Of all the reasons I could give you for my decision to go into the field of education, only one will keep me in the field: every single day of my working life, my kids completely blow my mind.
Granted, they have a particular knack for blowing it with their sheer…well, childishness. When I pull two boys apart for hitting each other and discover that they’ve been locked in a begrudged blood feud for two weeks over a single particular Lego block whose identical twins comprise approximately forty-two percent of our ample collection, “non-blown” would not describe the state of my mind. Some days are made up primarily of running interference on one pitched battle after another of equally flabbergasting insignificance.
One of my kids has been driving me up a wall lately. He’s been ignoring the rules, been mean to the younger kids, and is downright defiant in the face of any reprimand, gentle or harsh. Some days I don’t know how we’re going to make it through the school year. There’s only so much I can do to keep him in line within the parameters of my program’s guidance policies and not much of it does a lick of good. I have also noticed that he’s struggling with school, however, and I don’t want to end up in the place of having to ask his mother to disenroll him. Kids who are struggling in the ways he’s struggling are the kids I entered education to help.
A bunch of my kids were out with a horrible puking virus last week, which meant that I actually had time to sit down one-on-one with some of the still-healthy kids for a while. When I spent some time with this particular kid, we worked together on his Script Frenzy project. He astonished me, not so much in his creation of characters (I am a popular choice for a super-hero, by the way), but in the way he constructed a resolution to the plot arch I helped him with. My role was only that of scribe–for the kids whose struggle with spelling and forming letters is an impediment to getting their story out, I’ve been trying to simply listen to their ideas and write what they ask me to.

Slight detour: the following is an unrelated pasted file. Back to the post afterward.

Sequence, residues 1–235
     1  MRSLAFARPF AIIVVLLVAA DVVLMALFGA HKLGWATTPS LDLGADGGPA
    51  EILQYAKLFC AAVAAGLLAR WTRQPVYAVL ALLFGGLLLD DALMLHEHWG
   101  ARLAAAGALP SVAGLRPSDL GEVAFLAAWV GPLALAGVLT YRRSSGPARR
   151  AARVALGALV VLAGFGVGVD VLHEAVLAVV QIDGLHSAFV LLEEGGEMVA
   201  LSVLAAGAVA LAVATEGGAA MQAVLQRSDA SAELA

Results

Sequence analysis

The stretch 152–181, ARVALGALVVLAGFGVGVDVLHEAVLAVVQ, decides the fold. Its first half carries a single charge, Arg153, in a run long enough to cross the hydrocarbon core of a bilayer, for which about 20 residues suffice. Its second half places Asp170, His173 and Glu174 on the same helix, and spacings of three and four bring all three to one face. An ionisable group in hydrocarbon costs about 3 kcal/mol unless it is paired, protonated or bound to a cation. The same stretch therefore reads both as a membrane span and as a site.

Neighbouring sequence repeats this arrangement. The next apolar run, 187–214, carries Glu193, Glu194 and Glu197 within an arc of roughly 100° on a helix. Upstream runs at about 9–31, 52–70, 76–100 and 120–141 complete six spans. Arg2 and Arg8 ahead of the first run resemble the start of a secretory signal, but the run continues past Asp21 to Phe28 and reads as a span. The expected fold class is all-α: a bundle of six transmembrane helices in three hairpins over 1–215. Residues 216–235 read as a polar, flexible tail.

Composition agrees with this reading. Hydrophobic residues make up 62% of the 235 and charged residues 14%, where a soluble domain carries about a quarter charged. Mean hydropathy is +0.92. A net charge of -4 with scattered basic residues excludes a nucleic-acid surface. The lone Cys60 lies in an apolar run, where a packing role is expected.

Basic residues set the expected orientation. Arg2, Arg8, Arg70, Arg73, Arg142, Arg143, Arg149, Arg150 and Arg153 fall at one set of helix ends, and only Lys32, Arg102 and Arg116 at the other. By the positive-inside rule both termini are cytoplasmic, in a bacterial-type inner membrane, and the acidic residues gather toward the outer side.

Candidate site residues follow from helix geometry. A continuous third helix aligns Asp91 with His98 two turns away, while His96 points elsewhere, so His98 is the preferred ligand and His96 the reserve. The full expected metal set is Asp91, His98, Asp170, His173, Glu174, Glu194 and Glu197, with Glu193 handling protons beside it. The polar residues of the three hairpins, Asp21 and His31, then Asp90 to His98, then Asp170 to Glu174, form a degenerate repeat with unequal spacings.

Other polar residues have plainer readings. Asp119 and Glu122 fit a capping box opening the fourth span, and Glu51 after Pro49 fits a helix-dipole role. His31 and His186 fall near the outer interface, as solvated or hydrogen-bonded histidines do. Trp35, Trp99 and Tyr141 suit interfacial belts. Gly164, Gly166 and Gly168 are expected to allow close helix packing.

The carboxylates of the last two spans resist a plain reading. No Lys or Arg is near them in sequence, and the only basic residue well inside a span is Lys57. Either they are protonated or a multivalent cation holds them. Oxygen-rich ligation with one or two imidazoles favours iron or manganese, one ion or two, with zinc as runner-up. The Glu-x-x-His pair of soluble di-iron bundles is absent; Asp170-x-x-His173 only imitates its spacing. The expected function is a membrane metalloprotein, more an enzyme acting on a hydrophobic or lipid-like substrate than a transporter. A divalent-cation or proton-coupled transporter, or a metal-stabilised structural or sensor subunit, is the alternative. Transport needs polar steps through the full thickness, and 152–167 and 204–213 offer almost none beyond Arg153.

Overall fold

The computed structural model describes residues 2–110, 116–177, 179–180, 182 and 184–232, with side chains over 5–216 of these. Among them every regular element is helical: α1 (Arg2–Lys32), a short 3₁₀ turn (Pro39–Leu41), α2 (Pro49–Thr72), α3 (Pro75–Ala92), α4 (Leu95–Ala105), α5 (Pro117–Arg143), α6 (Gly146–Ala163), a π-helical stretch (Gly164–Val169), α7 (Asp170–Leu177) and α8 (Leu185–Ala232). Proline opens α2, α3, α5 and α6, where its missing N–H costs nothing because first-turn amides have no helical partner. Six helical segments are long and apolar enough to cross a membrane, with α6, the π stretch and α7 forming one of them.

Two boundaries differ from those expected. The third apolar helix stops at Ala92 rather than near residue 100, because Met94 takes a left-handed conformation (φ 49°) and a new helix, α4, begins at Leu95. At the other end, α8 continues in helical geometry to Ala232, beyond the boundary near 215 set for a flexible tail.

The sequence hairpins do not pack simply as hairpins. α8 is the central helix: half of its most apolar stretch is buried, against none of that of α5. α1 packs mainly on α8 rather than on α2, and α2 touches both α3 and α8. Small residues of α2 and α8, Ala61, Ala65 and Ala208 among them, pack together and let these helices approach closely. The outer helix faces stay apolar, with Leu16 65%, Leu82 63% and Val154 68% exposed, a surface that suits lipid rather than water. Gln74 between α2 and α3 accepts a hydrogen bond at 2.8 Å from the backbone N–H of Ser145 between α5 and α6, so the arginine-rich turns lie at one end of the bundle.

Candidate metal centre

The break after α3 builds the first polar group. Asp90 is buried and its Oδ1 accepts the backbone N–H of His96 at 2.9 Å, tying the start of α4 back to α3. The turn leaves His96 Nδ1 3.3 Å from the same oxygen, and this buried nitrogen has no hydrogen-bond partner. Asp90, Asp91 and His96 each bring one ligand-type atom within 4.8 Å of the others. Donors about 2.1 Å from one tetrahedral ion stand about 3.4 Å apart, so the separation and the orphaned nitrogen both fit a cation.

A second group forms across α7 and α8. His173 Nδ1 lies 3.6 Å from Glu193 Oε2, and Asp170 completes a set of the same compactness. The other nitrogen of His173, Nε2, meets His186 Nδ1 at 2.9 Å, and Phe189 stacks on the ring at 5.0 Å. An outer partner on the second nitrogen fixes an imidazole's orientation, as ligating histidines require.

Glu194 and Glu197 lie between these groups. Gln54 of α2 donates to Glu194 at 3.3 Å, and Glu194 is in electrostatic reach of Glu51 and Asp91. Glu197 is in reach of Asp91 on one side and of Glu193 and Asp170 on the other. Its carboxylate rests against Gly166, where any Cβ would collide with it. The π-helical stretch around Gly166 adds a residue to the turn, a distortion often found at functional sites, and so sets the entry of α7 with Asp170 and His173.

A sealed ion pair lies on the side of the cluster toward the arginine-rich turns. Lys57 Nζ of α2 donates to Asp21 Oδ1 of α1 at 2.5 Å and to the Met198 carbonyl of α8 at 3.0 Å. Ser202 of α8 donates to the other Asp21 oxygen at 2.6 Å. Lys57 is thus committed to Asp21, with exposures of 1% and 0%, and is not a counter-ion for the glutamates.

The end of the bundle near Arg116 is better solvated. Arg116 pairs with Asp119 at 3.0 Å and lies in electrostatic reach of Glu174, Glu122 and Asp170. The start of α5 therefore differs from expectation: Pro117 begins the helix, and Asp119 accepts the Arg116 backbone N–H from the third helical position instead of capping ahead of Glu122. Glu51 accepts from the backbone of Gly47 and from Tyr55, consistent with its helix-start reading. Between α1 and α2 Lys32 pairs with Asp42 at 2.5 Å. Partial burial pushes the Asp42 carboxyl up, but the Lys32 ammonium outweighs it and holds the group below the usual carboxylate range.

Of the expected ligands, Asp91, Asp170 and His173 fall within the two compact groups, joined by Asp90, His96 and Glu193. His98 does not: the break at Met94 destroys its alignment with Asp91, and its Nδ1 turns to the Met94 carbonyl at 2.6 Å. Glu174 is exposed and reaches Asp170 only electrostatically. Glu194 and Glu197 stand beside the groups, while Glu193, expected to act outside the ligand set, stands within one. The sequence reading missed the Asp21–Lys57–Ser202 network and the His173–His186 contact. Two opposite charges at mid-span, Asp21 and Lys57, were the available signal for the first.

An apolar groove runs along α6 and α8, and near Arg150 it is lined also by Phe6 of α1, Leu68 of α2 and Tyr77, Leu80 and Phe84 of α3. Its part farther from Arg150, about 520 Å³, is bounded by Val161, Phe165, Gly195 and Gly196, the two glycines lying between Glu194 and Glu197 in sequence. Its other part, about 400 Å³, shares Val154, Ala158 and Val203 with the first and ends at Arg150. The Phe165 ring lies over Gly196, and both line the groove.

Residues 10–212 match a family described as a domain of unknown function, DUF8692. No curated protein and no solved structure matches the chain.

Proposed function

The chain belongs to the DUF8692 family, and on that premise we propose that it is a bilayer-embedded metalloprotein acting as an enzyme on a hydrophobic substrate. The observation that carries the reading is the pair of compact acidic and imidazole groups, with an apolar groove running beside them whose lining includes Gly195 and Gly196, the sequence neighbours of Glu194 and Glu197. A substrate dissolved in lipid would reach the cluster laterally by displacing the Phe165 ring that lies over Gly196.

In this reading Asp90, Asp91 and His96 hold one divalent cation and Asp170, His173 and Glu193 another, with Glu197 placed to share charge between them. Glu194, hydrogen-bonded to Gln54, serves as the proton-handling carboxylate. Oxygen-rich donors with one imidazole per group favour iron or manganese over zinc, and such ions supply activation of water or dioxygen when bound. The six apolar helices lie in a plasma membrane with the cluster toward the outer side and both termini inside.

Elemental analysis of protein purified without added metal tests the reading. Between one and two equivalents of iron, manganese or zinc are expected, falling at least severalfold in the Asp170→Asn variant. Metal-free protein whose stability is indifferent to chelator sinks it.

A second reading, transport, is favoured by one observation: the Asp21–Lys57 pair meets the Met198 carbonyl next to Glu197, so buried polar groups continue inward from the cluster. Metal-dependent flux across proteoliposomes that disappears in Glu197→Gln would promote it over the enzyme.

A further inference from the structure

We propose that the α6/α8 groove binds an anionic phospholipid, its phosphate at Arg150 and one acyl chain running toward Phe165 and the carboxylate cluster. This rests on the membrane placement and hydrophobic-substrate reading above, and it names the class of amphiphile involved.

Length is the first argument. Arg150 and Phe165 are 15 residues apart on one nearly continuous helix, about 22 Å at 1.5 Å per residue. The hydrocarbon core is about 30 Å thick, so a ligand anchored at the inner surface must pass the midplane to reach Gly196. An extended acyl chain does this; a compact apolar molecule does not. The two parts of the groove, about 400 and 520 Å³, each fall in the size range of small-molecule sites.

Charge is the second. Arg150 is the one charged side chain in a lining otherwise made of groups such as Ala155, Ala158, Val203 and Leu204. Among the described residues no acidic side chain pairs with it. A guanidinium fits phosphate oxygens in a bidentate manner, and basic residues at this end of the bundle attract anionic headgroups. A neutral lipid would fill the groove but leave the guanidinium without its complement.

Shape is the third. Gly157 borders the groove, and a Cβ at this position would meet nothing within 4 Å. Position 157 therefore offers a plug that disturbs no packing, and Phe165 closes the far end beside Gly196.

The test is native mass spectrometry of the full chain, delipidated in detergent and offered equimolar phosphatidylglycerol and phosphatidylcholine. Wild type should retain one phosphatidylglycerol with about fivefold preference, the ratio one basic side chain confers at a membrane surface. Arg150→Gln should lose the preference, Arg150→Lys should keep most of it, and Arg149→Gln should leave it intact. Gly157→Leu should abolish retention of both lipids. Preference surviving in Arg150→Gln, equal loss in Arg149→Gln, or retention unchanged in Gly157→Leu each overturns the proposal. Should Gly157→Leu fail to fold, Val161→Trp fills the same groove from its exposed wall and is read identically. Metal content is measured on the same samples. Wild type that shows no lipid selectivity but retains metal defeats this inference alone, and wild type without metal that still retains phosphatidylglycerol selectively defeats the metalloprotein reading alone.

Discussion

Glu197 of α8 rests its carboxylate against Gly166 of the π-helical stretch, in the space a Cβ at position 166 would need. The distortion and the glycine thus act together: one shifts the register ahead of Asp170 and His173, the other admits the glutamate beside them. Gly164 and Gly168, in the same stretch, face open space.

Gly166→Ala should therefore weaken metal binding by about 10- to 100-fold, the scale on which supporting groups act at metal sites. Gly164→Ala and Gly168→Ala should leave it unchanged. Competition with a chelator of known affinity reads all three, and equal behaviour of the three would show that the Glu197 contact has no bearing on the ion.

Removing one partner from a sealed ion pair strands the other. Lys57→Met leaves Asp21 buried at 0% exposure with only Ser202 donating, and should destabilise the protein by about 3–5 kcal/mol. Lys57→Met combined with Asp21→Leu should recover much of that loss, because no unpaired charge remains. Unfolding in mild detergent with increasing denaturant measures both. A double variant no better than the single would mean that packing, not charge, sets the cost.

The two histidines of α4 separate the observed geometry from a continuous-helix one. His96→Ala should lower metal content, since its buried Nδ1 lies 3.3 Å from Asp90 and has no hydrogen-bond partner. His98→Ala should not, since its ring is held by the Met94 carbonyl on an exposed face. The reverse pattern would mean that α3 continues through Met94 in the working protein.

Most of the kids put together their archs like this: Bad Guy does something bad. Good Guy fights back. Bad Guy almost wins, but Good Guy prevails in the end. The status quo is restored and the people rejoice. It’s a simple, classic formula to hang worlds and characters and interesting machinery on, but it doesn’t change much. This student’s arch, however, went something like this: Bad Guy attacks Good Guy. Good Guy fights back. Bad Guy almost wins, but Neutral Third Party with superpowers steps in to negotiate a treaty. Backstory reveals that Bad Guy and Good Guy used to be friends, until Good Guy’s government tried to annihilate Bad Guy’s world. Neutral Third Party removes the memory of all superpowers to force Bad and Good Guys to put aside their grudges and find a way to work out a peaceful solution. Peace prevails.
The differences were subtle but clear, and I realized that tucked away in the mind of this kid who often goes out of his way to make my day a living disciplinary nightmare is the mind of a kid who is not morally retarded. This is a child who knows right from wrong and, more to the point, cares about and thoughtfully considers the finer points of the matter. In some ways that makes his regular behavior all the more frustrating, but mostly it gives me hope that he’ll be alright.
Those mind-blowing little revelations of reason to believe in a child’s future are the moments that will keep me working with kids even when the going is tough. And even when the going is really tough, there is never a day where at least one child doesn’t shine.
So I teach.